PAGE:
Naturally, 3,000 different device sizes and capabilities are going to be harder and more expensive to develop for than around a thousand times fewer formats. But that diversity is in itself evidence of Android’s great strength: Proliferation into markets, niches, and formats that Apple has never been able to capture. Anyone giving up on Android development on cost grounds is giving up on those as well.
The problem he doesn’t address, though, is that there’s little evidence for publishers that those markets, niches and formats are valuable to publishers – and some evidence that they aren’t.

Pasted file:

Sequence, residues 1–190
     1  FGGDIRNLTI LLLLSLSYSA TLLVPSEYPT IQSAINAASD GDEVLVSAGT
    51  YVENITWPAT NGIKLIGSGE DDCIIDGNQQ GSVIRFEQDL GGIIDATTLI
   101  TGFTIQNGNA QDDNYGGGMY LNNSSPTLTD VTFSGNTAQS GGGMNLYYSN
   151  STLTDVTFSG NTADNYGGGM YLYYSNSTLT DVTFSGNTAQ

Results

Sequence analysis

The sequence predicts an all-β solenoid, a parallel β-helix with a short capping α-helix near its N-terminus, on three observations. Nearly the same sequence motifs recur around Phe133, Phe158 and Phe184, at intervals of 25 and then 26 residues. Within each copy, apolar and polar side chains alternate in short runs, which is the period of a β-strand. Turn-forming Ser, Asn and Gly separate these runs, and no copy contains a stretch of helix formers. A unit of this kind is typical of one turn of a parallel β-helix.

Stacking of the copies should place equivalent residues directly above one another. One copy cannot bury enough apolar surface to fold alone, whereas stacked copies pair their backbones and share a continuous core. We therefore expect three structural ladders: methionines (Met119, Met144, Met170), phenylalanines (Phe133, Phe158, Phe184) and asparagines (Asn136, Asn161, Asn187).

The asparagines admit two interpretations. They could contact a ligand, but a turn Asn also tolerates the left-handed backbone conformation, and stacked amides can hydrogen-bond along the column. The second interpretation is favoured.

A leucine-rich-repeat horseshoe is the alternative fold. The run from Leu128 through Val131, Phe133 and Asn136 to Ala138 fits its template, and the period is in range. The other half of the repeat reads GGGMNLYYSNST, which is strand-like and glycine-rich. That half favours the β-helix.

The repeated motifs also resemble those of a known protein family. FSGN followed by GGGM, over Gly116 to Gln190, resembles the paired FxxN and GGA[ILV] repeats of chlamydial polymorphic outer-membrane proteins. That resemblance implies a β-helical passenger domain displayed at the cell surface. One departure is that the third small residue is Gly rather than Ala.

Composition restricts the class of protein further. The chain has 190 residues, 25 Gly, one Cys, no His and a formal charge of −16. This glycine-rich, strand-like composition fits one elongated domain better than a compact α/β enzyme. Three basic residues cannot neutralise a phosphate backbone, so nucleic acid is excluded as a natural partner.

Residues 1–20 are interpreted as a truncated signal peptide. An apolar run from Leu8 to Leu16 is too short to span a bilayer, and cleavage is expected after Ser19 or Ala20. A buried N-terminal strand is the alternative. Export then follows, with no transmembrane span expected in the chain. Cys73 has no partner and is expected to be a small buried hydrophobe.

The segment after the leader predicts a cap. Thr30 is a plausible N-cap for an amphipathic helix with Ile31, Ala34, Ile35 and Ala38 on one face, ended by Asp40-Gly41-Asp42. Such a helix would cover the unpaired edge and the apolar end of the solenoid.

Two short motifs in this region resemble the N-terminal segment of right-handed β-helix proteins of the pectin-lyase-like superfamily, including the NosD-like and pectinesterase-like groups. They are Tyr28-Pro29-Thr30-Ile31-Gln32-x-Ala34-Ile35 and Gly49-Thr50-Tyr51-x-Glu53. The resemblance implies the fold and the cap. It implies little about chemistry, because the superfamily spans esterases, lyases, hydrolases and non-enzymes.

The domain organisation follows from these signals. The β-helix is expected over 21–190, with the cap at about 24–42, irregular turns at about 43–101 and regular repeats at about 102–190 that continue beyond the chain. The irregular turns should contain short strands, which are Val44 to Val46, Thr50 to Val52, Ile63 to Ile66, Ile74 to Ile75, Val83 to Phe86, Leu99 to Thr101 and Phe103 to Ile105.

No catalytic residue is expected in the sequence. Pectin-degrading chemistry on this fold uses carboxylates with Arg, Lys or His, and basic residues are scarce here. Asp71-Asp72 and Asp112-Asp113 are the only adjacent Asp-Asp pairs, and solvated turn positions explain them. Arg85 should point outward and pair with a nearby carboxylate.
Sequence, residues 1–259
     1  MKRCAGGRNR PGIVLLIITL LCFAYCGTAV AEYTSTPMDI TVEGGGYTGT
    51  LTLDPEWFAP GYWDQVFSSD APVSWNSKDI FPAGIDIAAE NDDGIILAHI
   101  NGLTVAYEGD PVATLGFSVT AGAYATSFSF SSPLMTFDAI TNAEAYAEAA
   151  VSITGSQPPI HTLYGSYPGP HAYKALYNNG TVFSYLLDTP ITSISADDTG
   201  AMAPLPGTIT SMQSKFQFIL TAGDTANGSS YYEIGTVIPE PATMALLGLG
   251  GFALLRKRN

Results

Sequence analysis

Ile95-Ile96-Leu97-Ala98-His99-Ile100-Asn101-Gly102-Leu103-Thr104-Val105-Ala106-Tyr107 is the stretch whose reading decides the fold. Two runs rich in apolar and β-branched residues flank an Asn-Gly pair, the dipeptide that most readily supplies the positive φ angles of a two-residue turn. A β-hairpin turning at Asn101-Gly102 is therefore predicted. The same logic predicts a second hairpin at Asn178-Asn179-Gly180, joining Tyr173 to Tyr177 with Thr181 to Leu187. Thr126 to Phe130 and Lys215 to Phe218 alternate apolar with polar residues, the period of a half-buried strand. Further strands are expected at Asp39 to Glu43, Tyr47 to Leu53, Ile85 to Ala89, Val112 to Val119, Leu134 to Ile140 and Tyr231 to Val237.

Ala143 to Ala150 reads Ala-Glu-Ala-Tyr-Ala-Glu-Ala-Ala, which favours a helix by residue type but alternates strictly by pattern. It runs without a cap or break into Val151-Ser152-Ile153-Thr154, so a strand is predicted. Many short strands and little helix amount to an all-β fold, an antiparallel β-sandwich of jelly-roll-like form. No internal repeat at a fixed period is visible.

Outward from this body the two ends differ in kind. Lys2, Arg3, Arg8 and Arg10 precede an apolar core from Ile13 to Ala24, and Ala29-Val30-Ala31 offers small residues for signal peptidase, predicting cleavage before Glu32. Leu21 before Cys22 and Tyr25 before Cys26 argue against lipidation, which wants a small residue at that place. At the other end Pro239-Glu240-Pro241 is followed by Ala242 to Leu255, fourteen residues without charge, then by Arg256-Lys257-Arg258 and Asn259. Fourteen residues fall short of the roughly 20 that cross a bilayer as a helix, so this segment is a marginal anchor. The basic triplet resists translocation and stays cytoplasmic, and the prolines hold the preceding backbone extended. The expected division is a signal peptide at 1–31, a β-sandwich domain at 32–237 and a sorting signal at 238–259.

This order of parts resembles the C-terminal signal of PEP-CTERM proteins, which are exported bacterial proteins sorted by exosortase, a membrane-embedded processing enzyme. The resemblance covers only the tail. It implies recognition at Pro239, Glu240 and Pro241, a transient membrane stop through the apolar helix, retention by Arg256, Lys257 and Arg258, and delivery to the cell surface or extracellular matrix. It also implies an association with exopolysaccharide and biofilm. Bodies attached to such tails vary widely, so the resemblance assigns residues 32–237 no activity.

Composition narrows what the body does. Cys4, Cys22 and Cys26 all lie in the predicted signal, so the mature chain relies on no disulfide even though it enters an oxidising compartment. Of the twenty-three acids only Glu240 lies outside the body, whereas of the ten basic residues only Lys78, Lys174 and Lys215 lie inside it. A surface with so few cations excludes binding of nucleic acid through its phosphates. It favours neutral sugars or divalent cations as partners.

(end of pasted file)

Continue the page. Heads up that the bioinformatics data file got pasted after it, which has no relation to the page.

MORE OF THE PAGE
This is a fascinating issue – it’s clear that the iOS and Android ecosystems are very different, and the dynamics are more complex than advocates on either side are comfortable discussing. I had more “off the record” contact around that post than any I’ve done for years. There’s some interesting suggestion that the BBC’s figure is distorted by the fact that it’s a catch-up cost, and that development is being pushed fast because of the vocal Andriod community.
However, several others said that a 3:1 Android:iOS cost ratio is pretty much a standard rule of thumb. If that’s true – and I have only anecdotal evidence that it is – Google needs to give a solid solution to the fragmentation issue if Android development can really take advantage of the device numbers out there.